This post is one in a series of making small adjustments to a single recipe in order to improve it, learn more about the impact each ingredient has on the finished product, and the art of recipe creation. The rest of the series can be found here.
My last few brew days have had to be squeezed in to otherwise unaccommodating timeslots to make them happen at all; this brew day was no exception. If nothing else, I’ve become the king of multitasking. Tired, but determined to brew, I set my alarm to go off early that Saturday morning (which is no small feat considering my one-year-old had spent the night with her grandparents and it was the one morning for months I could try to stave off the eternal exhaustion that comes with small children).
After a 1.25 hour mash, I drained my mash tun, filled it back up with sparge water, and quickly got in the car to go pick up my daughter—extending the amount of time I normally let my sparge water sit in the grains by around 45 minutes. Once I was back and ready to commit to a brew day with no more interruptions, I finished collecting my boil volume and lit the flame under my burner.
And then I ran out of propane. Right as the wort was starting to foam, my propane tank gave up. I use my propane tank with my grill as well, and the last time I had grilled the gauge showed a mostly full tank—the liar. While this was a surprise, it was better than running out of propane in the middle of a boil.
Once I returned with a new propane tank, the rest of the brew day went smoothly—for the most part. Just prior to my wort starting to boil, the foam started to form white, swirling shapes that I’ve never seen happen before (I’m accustomed to my break remaining tan). It was shortly after this that I checked my wort’s pre-boil gravity and realized that this difference was possibly due to a higher than usual protein content since I had definitely overshot my target gravity. Doing some quick math, I diluted my boil but apparently miscalculated. My OG still came in much higher than intended.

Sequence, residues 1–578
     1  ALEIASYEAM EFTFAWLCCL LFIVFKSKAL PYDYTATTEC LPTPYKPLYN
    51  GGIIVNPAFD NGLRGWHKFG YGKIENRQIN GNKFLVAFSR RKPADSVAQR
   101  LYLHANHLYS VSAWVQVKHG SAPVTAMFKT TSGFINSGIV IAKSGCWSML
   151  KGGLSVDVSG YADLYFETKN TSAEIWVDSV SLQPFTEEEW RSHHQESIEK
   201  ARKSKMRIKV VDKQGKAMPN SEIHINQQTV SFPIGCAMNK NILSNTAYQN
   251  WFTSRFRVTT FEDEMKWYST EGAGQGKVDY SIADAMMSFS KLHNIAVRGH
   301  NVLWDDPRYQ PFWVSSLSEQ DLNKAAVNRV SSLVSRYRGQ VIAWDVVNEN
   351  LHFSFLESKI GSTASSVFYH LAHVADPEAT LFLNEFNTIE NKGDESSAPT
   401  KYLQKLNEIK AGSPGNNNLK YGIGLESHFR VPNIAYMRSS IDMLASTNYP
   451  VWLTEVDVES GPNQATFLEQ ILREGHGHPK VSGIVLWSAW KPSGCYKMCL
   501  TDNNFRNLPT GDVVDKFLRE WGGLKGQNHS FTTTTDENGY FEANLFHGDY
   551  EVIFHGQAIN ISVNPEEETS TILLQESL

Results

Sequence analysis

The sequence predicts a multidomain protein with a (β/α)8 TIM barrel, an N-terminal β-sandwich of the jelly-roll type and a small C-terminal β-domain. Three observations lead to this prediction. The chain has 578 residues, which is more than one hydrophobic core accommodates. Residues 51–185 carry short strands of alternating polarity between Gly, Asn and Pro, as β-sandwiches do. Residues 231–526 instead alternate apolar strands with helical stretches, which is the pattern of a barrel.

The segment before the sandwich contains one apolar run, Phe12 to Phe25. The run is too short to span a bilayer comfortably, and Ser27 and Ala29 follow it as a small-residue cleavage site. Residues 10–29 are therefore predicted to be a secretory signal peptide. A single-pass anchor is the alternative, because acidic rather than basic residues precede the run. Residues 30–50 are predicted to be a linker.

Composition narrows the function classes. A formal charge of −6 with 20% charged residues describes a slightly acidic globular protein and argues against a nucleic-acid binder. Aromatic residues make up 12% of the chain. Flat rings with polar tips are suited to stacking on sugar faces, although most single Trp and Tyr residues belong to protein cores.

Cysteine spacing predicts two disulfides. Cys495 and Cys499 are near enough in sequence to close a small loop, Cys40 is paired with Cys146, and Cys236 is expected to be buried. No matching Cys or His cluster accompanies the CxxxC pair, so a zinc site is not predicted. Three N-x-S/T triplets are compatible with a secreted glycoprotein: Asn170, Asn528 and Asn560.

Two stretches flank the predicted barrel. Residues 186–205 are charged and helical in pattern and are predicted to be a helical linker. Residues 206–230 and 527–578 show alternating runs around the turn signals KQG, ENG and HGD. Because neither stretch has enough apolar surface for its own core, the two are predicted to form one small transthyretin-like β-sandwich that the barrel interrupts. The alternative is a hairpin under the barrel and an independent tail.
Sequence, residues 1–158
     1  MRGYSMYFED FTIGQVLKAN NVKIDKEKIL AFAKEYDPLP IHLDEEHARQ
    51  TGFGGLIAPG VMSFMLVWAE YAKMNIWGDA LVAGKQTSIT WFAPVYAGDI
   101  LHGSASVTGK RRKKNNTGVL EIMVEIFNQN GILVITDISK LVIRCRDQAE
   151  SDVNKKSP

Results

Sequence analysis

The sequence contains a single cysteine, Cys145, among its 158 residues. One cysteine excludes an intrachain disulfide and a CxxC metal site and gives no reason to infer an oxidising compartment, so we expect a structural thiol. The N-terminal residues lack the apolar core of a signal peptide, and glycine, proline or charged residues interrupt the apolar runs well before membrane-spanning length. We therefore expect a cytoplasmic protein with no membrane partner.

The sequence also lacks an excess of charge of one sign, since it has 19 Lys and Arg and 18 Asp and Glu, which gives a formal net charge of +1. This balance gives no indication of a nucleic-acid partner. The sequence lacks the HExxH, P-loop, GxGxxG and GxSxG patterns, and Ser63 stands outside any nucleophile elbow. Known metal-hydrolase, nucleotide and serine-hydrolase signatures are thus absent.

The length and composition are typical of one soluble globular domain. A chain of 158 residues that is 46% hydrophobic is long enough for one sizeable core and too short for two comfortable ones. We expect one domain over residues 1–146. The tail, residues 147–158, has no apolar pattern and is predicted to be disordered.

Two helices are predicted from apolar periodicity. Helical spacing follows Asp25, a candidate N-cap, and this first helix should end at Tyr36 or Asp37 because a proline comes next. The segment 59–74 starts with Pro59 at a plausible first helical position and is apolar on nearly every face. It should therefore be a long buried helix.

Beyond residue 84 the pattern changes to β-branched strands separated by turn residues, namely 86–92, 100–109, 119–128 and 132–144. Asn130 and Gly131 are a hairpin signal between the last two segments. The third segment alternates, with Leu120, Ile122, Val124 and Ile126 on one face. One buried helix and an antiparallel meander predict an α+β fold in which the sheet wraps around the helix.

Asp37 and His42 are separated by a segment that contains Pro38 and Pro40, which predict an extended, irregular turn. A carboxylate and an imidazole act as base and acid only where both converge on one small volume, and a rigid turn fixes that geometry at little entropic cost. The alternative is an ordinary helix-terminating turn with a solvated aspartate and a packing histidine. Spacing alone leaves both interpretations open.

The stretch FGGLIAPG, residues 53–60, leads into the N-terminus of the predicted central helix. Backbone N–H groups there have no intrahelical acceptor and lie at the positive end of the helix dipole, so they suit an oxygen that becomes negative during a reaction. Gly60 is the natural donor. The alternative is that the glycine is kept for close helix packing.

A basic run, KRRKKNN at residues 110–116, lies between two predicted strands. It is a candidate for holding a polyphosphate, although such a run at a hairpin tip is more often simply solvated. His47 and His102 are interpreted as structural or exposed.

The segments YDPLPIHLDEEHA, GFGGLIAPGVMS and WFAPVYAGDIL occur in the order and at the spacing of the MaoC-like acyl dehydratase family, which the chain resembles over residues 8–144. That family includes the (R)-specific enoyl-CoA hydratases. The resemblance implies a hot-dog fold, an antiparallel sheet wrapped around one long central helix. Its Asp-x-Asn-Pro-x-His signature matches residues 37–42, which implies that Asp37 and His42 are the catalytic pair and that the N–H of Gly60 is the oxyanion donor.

Some time after the fact, I consulted the notes from my previous brew day and realized that despite previously being unable to pinpoint the cause of my fluctuating OG, this time was entirely my fault. I simply misremembered a number and ended up not collecting enough pre-boil wort. This mistake combined with the miscalculation above landed me at imperial status for this red IPA. Oops.
Iteration 6 was a solid IPA-strength ABV, had the malt character I wanted, and was definitely hoppy enough for an IPA. I was mostly pleased with this iteration, but there were a few things that stuck out to me as items worth changing.
Although Simcoe is a delightful hop, it seemed that its unique character was not working with this particular beer (at least in the way that I had envisioned it originally). The hop character had also been left a little one-dimensional, and I wondered if this had to do with removing my middle-boil hop addition. Lastly, although the malt flavor was spot on and the hop character was IPA-worthy, the balance of the two was off, hiding the malt a little more than desired. This left me with a few questions on how to move forward:
- Should I replace the Simcoe hop addition, and if so, what should I replace it with?
- Should I add a 30 minute hop addition back into my hop schedule, and if so what hop?